Philip Saunders was silent for a long moment, his level hazel eyes weighing, considering. Then he sighed. Softly he quoted, “ ‘You would pluck out the heart of my mystery; you would sound me from my lowest note to the top of my compass.’ ” It was Travis’s turn to blink. “Shakespeare. Hamlet.” He identified the quote easily, then the words sank in. Before he could comment, Saunders was explaining.
“That’s something Saber quoted to me about a year ago, when I signed on to manage her career. When—not to put too fine a point on it—I was asking a few questions about her life before I entered it.”
Travis was more than a little surprised, and slightly suspicious. “Are you trying to tell me that you’re no better informed about her than the public?”
Saunders was unoffended. “That’s what I’m telling you. Oh, if you want to write that highquality stuff, like what she eats for dinner or what her favorite colors are, I could probably oblige. But if you want the sordid details of her shady past—” Travis cut him off with an impatient gesture. “I don’t want to write a damned ‘Meet the Latest Superstar’ book, whether you believe that or not.” “Oh, I believe it.” Saunders’s voice was abruptly sober. “I’ve read some of your stuff, Mr. Foxx. You write exceptionally strong fiction and stunning nonfictional exposés. Your books hit the bestseller lists as soon as they land in the bookstores.”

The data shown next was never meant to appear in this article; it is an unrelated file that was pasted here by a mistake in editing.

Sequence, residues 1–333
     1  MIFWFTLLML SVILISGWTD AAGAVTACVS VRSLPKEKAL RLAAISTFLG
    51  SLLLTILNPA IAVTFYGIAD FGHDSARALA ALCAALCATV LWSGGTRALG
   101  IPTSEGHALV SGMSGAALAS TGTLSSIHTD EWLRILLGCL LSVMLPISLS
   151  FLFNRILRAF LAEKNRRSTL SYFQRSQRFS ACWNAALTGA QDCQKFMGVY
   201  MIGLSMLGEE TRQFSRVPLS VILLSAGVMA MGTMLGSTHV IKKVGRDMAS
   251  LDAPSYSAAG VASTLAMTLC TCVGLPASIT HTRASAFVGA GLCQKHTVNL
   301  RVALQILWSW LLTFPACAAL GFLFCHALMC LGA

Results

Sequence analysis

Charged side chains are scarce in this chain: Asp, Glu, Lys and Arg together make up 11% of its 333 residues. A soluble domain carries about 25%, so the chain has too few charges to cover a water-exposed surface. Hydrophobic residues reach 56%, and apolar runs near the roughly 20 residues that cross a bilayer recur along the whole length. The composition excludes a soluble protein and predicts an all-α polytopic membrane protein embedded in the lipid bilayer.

Travis’s green eyes sharpened. “But you don’t want me probing into your client’s background?” “She doesn’t want it. And that’s good enough for me. Look, Foxx, there’s almost a year missing from Saber’s professional life. And, as you pointed out, that professional life covers only a scant two years. She cut two quick singles, vanished for months, then reappeared and, virtually overnight, became a star.” He folded his arms across his chest and stared broodingly at the other man. “Now I don’t know where she was during those missing months, but I’m reasonably certain she went through hell; I’ve seen the studio pics and heard the ‘forgettable’ songs, too, you see.”
“And you aren’t curious?”